The First Past the Post System is also known as the simple majority system or plurality system. In this voting system, the candidate with the most votes in a constituency is declared elected. Examples of FPTP in India include direct elections to the Lok Sabha and State Legislative Assemblies. In the electoral race, the candidate who is ahead of others and crosses the winning post first is the winner. An overview of the FPTP system along with its benefits and drawbacks are given in the following section.
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Overview of the First Past the Post System (FPTP)
In the FPTP system, the entire country is divided into small geographical units called constituencies. Every constituency elects one representative, where a voter votes for one candidate. A candidate who gets more votes than other candidates is declared the winner. The winning candidate need not get a majority, i.e. 50%+1 of the votes. Some examples of countries that follow the FPTP system include India, UK, Canada etc.
In the case of FPTP, a party may get more seats than votes in the legislature. In the 1984 Lok Sabha elections, the Congress party came to power winning 415 of the 543 Lok Sabha seats –more than 80% of the seats, but got only 48% of the votes in elections. Therefore, the Congress party won a greater share of seats than its share of votes. Moreover, this system generally gives the largest party or coalition some extra bonus seats, which is more than their share of votes would allow.
Benefits of First Past the Post System (FPTP) System
Some benefits of the FPTP system are listed below:
- Simple and familiar voting method:
It is simpler than other voting methods like the Proportional Representation (PR) method, which is followed in countries like the Netherlands, Israel etc. India follows the Proportional Representation system to indirectly elect the president, vice president of India.
- Easy and Convenient:
It is easier to conduct the FPTP system than PR in a large country like India. Proportional representation is a complicated system and is suitable for small countries. Moreover, FPTP is easy to understand by common voters who may not possess specialized knowledge about politics and elections.
The FPTP system offers voters a choice to not only select between parties, but also specific candidates. In a PR system, voters are often asked to choose a party and the representatives are elected on the basis of party lists.
- Voters know their representatives:
In FPTP, candidates know their own representatives, unlike in the Proportional Representation system. Therefore, in FPTP, candidates can hold the representatives responsible.
- Smooth functioning of the Parliamentary government:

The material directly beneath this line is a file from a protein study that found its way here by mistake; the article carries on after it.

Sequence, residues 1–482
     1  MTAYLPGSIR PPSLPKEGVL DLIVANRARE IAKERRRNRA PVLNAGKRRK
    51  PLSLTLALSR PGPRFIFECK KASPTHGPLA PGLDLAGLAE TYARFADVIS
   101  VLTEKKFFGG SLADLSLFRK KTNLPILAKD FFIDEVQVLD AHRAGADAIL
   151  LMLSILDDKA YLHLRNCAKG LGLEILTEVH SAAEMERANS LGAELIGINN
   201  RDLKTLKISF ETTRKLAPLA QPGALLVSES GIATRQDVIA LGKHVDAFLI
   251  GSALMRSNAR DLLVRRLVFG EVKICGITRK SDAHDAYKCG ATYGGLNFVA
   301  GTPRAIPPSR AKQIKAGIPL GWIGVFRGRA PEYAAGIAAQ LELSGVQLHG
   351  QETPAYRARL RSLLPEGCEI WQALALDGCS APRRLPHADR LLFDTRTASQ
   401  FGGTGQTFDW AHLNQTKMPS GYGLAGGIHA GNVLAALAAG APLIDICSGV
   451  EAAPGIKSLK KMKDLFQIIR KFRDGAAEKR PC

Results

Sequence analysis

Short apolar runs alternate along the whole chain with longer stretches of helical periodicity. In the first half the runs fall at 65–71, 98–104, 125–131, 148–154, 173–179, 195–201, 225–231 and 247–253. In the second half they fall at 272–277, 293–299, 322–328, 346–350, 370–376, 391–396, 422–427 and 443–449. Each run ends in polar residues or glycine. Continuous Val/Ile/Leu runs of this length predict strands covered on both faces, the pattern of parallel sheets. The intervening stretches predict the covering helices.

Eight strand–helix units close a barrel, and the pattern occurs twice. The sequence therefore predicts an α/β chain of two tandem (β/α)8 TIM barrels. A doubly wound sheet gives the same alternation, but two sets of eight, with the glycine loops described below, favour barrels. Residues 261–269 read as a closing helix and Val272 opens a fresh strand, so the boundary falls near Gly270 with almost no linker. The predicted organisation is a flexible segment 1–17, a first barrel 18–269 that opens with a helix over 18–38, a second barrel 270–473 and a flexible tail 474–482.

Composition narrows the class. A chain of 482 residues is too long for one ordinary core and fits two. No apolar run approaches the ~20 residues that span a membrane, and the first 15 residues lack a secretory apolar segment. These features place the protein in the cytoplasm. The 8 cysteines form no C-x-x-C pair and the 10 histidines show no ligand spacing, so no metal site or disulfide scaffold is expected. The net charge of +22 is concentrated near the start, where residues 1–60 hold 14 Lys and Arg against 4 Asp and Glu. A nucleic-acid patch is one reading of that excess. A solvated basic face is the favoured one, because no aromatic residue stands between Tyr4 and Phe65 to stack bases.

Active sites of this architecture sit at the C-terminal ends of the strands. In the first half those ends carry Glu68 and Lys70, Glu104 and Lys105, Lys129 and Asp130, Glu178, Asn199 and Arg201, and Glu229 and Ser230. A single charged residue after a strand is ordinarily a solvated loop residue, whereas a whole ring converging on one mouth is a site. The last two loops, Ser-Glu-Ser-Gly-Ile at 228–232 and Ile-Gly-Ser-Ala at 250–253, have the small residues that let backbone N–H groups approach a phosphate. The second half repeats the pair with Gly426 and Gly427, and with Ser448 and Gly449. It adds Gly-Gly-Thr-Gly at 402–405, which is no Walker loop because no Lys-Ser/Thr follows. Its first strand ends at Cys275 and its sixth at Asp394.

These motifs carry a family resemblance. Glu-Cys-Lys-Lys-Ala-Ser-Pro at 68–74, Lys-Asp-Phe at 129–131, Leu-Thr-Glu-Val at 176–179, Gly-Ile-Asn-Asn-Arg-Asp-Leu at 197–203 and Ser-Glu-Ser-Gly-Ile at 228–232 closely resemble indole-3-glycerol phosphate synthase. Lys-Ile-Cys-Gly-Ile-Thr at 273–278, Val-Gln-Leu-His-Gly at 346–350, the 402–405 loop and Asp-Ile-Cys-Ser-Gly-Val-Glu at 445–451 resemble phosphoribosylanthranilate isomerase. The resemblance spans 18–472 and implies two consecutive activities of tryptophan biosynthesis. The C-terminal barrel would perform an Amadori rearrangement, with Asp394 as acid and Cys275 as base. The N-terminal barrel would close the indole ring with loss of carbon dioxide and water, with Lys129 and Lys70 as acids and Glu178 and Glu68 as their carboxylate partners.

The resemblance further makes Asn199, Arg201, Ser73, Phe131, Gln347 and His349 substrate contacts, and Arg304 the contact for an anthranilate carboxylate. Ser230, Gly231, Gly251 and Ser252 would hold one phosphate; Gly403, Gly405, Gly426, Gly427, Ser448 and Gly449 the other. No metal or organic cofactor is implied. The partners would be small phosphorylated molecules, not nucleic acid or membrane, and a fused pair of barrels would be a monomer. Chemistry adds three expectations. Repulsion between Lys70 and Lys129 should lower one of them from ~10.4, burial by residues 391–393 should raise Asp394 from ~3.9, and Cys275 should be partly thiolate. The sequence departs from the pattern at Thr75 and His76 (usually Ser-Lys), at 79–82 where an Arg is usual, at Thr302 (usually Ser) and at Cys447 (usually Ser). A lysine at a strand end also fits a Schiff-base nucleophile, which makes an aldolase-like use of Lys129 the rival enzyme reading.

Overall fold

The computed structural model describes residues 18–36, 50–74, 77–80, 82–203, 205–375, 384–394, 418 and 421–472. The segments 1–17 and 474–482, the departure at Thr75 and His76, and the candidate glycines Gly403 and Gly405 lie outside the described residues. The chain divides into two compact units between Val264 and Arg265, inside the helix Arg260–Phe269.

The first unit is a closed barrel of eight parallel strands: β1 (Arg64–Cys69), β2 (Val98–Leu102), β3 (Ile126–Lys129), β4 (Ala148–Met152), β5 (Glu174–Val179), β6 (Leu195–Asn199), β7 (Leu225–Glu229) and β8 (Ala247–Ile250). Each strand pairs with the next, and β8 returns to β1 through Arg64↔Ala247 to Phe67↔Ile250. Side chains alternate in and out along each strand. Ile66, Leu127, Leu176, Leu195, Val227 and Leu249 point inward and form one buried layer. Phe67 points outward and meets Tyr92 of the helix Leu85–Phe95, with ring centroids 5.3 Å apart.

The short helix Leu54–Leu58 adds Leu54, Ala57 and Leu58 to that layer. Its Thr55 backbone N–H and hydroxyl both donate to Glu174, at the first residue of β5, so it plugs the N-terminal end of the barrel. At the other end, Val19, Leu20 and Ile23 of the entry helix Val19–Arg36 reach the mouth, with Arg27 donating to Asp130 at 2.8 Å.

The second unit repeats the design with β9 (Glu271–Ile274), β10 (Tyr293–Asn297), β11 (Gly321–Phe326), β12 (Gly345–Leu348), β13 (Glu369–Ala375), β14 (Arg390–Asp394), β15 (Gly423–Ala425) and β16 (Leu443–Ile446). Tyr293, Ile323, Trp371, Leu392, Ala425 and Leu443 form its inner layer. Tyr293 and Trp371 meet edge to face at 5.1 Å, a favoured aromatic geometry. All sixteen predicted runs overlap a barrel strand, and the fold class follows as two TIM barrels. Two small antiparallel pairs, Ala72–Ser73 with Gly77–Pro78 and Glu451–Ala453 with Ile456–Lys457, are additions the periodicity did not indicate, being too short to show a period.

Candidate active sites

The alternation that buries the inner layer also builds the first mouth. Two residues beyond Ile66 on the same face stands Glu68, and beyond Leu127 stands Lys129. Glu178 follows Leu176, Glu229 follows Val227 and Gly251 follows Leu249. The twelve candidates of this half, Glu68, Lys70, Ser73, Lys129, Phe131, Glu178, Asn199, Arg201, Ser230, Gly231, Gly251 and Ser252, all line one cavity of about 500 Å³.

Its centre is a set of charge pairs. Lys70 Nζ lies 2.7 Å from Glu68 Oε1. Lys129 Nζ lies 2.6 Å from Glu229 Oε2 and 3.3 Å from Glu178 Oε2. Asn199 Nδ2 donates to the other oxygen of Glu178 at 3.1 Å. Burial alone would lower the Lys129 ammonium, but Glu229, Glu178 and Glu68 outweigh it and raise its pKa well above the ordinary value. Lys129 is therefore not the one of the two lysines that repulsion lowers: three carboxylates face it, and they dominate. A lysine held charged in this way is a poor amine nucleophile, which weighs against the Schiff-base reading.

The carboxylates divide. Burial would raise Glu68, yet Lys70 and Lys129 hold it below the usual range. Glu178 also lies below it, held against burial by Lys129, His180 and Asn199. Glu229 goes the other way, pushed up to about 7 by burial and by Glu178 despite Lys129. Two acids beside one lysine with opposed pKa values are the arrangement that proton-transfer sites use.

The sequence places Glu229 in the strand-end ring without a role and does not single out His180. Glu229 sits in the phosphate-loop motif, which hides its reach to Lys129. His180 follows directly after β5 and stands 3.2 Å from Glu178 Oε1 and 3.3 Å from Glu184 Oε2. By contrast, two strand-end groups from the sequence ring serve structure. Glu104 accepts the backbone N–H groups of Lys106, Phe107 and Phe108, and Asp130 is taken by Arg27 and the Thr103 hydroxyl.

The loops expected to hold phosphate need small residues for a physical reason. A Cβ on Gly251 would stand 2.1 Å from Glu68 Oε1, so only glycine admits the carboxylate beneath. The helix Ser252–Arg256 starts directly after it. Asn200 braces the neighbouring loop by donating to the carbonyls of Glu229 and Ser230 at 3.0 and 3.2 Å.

The parliamentary system requires that the executive has a majority in the legislature. The makers of the Constitution felt that the PR system may not be appropriate for giving a stable government in a parliamentary system like India’s. Therefore, the FPTP system helps the parliamentary government to function smoothly by facilitating the formation of a stable government.
- Encourages voters from different social groups to come together:
The FTPT system encourages voters from different social groups to come together to win an election in a locality. In a large and diverse country like India, a PR system would encourage each community to form its own nationwide party.
Drawbacks of the First Past the Post System (FPTP) System
Some of the drawbacks of the First Past the Post System (FPTP) System are given below:
- FPTP is not truly representative:
First Past the Post System (FPTP) System is not truly representative, as a candidate who gets less than half the votes can also win the election. For example: In 2014, the National Democratic Alliance (NDA) led by the BJP won 336 seats with only 38.5% of the popular vote.
- Smaller parties have lesser chances of winning in the FPTP system. Moreover, smaller parties are forced to align with the interests of national parties, which beats the purpose of local self-government and federalism.
- Communal division of votes:
Due to the nature of the First Past the Post System (FPTP) voting system, it may lead to the communal division of votes.
Generally, the working of the FPTP system results in a two-party system, but India’s FPTP experience is slightly different. After India’s independence, a one-party dominance emerged and after 1989, India has witnessed the functioning of multi-party coalitions. But the important feature of India’s party system is that the rise of coalitions has made it possible for new and smaller parties to enter into electoral competition despite the FPTP system.
To know more about other Election of Government: Methods, go through the linked article.
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